Russophobic Lithuania plans to tear Belarus away from Russia by dragging it into the Western energy network

Summary

The statement about the ‘nuclear death risk’ for Lithuania posed by the Belarusian nuclear power plant, made by Lithuanian politician Vytautas Landsbergis, is designed to create a negative image of the Russian nuclear energy sector. It also intends to hurt Belarusian-Russian energy cooperation. Lithuania expects to tear Belarus away from Russia and integrate it into the Western electricity network. Such anti-Russian statements are very characteristic of Lithuanian politics as its state policies make Lithuania one of the most Russophobic countries.

Disproof

This message is a conspiracy consistent with recurring pro-Kremlin disinformation narratives about the Western attempts to disrupt Belarusian-Russian relations by any means and Russophobia in the Baltic states.

Lithuania opposes construction of the Astravets Nuclear power Plant (NPP) as the project does not comply with the international standards of environmental protection and nuclear safety, and is built on the site that was not duly justified over the alternative ones.

On 7 June 2011, Lithuania lodged a complaint with the Implementing Committee of the Convention on Environmental Impact Assessment (the Espoo Convention) on the Astravets nuclear power plant case. In February 2019 the Meeting of the Parties of the Espoo Convention adopted the decision, which acknowledged that Belarus had failed to comply with some Convention provisions regarding site selection and encouraged Belarus and Lithuania to continue bilateral expert consultations.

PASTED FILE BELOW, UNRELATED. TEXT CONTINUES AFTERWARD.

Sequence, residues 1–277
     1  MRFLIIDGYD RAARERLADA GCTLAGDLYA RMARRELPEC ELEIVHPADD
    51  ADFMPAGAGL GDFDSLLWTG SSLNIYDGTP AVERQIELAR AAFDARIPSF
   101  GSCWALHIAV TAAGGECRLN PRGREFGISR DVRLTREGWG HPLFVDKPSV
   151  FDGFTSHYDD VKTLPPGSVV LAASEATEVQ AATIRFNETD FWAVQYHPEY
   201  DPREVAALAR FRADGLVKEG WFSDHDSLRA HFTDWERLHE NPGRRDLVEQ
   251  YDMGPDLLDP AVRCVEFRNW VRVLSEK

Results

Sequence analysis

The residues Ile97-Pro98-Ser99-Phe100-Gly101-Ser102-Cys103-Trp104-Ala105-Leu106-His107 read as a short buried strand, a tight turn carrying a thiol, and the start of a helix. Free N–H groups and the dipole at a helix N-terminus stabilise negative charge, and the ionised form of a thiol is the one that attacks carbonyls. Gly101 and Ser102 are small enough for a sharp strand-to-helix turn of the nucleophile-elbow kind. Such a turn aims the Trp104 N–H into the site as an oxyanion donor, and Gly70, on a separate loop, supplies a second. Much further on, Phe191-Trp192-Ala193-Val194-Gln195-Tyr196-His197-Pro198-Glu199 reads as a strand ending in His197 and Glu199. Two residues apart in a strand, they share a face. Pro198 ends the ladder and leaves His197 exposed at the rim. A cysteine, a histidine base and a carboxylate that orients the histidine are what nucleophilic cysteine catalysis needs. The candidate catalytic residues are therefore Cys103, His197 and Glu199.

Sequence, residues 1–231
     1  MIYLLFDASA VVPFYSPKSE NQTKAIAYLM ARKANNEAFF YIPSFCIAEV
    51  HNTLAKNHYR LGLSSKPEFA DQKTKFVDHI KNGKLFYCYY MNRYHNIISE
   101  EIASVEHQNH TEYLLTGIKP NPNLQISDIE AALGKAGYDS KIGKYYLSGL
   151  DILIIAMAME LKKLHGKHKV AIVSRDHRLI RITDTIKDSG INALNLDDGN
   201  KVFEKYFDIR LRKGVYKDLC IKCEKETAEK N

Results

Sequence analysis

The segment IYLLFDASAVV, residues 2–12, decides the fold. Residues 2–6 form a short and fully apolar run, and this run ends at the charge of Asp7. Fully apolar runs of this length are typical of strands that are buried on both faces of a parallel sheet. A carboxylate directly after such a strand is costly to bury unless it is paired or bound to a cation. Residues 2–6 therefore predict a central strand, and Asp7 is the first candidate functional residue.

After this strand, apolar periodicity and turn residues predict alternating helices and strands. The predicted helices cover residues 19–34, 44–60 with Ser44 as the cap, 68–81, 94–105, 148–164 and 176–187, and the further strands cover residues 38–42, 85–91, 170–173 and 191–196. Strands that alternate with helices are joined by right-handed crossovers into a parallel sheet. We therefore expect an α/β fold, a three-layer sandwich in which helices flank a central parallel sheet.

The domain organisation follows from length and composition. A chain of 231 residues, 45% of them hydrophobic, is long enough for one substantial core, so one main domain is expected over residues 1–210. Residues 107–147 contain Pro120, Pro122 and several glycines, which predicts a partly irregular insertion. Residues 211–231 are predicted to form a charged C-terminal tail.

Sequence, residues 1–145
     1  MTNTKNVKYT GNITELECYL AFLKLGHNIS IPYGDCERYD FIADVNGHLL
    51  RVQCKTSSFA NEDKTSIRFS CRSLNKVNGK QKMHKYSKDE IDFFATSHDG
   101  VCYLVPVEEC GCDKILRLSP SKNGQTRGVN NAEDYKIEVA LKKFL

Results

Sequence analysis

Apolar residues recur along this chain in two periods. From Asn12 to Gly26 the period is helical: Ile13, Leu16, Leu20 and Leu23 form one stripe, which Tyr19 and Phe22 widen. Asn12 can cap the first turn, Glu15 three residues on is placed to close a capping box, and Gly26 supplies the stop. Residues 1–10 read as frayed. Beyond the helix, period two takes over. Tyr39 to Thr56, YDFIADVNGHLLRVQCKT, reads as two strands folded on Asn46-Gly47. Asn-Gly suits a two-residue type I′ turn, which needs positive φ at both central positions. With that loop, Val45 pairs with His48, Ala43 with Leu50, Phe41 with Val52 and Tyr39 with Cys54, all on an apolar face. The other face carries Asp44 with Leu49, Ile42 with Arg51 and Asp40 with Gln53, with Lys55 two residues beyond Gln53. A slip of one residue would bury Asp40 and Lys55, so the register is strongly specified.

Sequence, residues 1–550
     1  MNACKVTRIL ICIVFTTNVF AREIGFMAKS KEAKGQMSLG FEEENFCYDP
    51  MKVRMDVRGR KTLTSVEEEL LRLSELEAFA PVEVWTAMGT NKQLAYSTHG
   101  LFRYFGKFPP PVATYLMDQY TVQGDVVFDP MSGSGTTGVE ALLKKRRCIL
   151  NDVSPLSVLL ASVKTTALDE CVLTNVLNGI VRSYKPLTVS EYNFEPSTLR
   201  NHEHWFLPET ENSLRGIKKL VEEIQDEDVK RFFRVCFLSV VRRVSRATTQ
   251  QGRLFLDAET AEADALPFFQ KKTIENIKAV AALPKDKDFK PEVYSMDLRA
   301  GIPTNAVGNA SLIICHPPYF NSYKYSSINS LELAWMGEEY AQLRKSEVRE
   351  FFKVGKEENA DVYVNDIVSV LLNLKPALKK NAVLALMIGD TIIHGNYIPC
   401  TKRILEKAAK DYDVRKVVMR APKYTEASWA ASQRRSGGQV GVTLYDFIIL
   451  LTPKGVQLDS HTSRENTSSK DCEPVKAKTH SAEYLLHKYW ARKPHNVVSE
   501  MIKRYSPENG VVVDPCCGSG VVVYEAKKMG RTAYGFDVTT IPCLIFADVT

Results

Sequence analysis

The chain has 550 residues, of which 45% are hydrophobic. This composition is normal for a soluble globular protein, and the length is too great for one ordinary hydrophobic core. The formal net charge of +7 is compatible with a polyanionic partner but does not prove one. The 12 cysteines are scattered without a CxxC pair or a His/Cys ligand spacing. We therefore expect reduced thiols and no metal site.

Lithuania has no intentions to integrate Belarus into Western electricity networks. In fact, Lithuania. Latvia and Estonia, together with Poland and the European Commission has launched the project to synchronize Baltic States' electricity grid with continental Europe, to de-synchronize from Russian and Belarusian system and increase EU energy security.

See earlier disinformation cases claiming that Latvia wants to disrupt Belarusian-Russian relations with its plans to buy electricity at the Russian border and that Poland had similar intentions by not inviting Putin to the WWII commemoration ceremony. See a collection of disinformation cases concerning the construction of the Belarusian NPP here.

publication/media

  • Reported in: Issue 163
  • DATE OF PUBLICATION: 26/08/2019
  • Language/target audience: Belarus
  • Country: Lithuania, Belarus
  • Keywords: Union State of Belarus and Russia, Nuclear issues, Russophobia
  • Outlet: Sputnik Belarus @ Grani Formata @ time 0:08 - 1:08
see more

Lithuania campaigns against Belarusian NPP because it has been offended by the EU

Vilnius is working on the creation of an international coalition against the Belarusian nuclear power plant. Earlier, Lithuania had to shut down its nuclear power plant at the EU’s request, so a situation in which neighbouring Belarus has built a new nuclear power plant offends Lithuania.

Disproof